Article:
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Monthly Economic Letter March 2023

March 10, 2023

Jon Devine


Most cotton benchmarks moved slightly lower over the past month.

  • The May NY/ICE contract tested the lower end of its range between 78 and 88 cents/lb, which has held values since November.  After failing to break below 80 cents/lb in the middle of February, prices rebounded to levels near 85 cents/lb before the end of last month and have traded between 82 and 85 cents/lb through early March.
  • Prices for the December NY/ICE contract, reflecting market expectations for the 2023/24 crop year, dipped to values near 82 cents/lb in the middle of February but otherwise traded sideways near 85 cents/lb for most of the past month. 
  • The A Index was relatively stable near one dollar for much of the past month, but shifted to values below 100 cents/lb since the middle of February.
  • Chinese prices represented by the China Cotton Index (CC 3128B) decreased from early February to early March (from 107 to 101 cents/lb), erasing most of the gains made in the previous month.  In terms of RMB/ton, values eased from 15,900 to 15,600.  The RMB weakened against the USD over the past month, from 6.78 to 6.93 RMB/USD.
  • Indian spot prices (Shankar-6 quality) increased slightly over the past month, from 94 to 97 cents/lb.  In terms of INR/candy, values rose from 61,500 to 62,400.  The INR traded held at levels near 82 INR/USD.
  • Pakistani prices decreased from 97 to 88 cents/lb.  In domestic terms, prices fell from 22,000 to 20,000 PKR/maund.  Exchange rates for the PKR were volatile over the past month, but it finished the period near the same level it started (275 PKR/USD).


The latest USDA report featured a slight increase to the global production figure (+719,000 bales, to 115.1 million) and a slight decrease to the global mill-use estimate (-555,000 bales, to 110.1 million).  2022/23 beginning stocks were lifted +878,000 bales (to 86.1 million), and the net effect of these changes on 2022/23 ending stocks was a +2.1 million bale increase.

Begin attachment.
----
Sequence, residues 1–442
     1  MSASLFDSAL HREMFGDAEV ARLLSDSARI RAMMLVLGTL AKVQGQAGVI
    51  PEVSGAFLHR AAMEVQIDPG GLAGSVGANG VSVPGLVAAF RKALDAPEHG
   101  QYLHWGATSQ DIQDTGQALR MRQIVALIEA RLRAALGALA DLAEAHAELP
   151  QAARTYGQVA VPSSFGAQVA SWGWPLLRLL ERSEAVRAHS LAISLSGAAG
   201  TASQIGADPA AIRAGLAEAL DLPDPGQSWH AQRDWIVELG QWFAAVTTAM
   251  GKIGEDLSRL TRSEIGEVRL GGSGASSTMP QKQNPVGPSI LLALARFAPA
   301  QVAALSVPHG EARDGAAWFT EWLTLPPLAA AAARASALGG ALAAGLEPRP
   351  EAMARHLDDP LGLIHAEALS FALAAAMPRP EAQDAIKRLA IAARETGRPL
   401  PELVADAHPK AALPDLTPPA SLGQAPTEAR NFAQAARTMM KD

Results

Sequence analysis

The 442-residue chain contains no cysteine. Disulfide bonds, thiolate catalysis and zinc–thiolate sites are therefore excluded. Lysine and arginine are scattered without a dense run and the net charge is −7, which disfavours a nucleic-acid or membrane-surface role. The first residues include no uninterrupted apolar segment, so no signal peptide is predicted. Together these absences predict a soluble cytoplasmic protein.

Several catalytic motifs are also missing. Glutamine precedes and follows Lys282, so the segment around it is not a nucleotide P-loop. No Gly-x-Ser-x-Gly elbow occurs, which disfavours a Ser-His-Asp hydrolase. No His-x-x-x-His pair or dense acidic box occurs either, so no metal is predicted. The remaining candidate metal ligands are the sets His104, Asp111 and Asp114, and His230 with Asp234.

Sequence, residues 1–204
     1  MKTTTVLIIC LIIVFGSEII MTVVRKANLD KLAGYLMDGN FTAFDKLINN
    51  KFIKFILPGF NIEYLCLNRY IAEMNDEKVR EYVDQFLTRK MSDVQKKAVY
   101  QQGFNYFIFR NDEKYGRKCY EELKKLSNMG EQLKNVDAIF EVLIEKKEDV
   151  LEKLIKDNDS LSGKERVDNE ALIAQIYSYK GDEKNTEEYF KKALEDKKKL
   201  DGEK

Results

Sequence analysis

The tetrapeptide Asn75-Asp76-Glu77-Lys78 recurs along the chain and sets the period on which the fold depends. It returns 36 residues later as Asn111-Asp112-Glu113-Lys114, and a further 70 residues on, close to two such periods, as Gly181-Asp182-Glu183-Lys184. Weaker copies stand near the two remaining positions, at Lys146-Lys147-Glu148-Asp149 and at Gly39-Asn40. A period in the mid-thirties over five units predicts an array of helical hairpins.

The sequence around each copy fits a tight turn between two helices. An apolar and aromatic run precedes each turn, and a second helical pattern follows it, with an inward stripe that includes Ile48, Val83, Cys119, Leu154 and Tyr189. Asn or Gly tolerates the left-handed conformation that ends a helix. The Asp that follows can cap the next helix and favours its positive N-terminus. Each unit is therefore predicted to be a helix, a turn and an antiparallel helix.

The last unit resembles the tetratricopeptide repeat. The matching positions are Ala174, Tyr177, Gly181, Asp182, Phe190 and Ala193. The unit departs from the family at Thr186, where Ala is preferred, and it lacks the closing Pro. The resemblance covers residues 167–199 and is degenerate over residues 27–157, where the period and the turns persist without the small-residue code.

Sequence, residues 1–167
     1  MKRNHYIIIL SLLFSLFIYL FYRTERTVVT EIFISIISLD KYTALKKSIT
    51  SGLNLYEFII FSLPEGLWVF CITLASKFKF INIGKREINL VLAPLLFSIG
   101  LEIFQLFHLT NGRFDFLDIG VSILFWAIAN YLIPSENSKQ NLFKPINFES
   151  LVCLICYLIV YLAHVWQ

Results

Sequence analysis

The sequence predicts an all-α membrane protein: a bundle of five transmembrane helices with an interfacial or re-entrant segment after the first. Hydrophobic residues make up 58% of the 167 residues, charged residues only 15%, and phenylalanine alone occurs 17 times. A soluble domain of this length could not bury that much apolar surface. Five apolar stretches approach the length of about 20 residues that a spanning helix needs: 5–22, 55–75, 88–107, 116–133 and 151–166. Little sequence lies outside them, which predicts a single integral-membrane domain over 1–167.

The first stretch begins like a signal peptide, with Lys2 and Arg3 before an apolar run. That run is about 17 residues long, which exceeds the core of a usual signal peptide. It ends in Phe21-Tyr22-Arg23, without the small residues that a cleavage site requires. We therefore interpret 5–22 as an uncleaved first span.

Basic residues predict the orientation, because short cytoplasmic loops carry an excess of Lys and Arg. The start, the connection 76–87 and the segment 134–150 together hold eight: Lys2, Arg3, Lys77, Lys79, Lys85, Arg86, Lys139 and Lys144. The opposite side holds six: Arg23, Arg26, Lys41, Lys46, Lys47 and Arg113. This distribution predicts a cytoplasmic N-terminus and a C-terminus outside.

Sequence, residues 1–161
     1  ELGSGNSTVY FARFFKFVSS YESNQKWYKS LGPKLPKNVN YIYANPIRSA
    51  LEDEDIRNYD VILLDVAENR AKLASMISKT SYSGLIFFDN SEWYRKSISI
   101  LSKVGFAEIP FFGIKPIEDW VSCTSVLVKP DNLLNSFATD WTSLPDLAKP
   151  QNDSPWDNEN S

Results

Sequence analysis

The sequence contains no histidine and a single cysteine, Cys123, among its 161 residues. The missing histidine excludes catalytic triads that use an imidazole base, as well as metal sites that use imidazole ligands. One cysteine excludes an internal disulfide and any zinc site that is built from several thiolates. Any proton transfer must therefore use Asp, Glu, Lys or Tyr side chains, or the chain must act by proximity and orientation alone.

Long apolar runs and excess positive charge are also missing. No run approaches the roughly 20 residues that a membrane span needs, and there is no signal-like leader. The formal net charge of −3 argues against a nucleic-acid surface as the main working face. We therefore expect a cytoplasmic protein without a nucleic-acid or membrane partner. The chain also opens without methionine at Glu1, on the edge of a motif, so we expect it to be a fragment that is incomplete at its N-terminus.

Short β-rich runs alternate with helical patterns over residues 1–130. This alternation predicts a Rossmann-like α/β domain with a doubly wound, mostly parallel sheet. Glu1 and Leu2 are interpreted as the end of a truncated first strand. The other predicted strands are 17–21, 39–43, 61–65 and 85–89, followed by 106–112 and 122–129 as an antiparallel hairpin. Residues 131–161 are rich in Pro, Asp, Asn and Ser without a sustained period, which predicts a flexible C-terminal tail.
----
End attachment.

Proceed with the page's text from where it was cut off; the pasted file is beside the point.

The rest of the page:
The current carryout projected by the USDA in 2022/23 is 91.1 million bales.  Outside of 2019/20 (COVID) and the period when China was massing reserves (2013/14-2015/16), this volume for 2022/23 is the highest on record.  The current figure for the global stocks-to-use ratio is 82.8%, which also ranks as the highest in the modern era (at least back to 1960) outside of 2019/20 and 2012/13-2015/16.

At the country-level, the largest revisions to 2022/23 production numbers included those for China (+1.0 million to 29.5 million), Australia (+500,000 bales to 5.5 million), Uzbekistan (-200,000 bales to 2.9 million), and India (-1.0 million to 24.5 million). 

For mill-use, the largest changes were for Turkey (-300,000 to 7.7 million), Pakistan (-200,000 to 8.6 million), Uzbekistan (+150,000 to 2.9 million), Bangladesh (-100,000 bales to 8.1 million), and Indonesia (-100,000 to 1.9 million).

The global trade forecast was lowered -865,000 bales to 39.6 million.  For imports, the largest changes included those for China (-250,000 bales to 7.5 million), Bangladesh (-200,000 to 7.7 million), Pakistan (-200,000 to 4.3 million), Indonesia (-100,000 to 1.8 million), and Turkey (-100,000 to 4.2 million).  For exports, the largest changes were for Brazil (-300,000 to 7.7 million), India (-300,000 to 2.2 million), and Argentina (-100,000 to 500,000).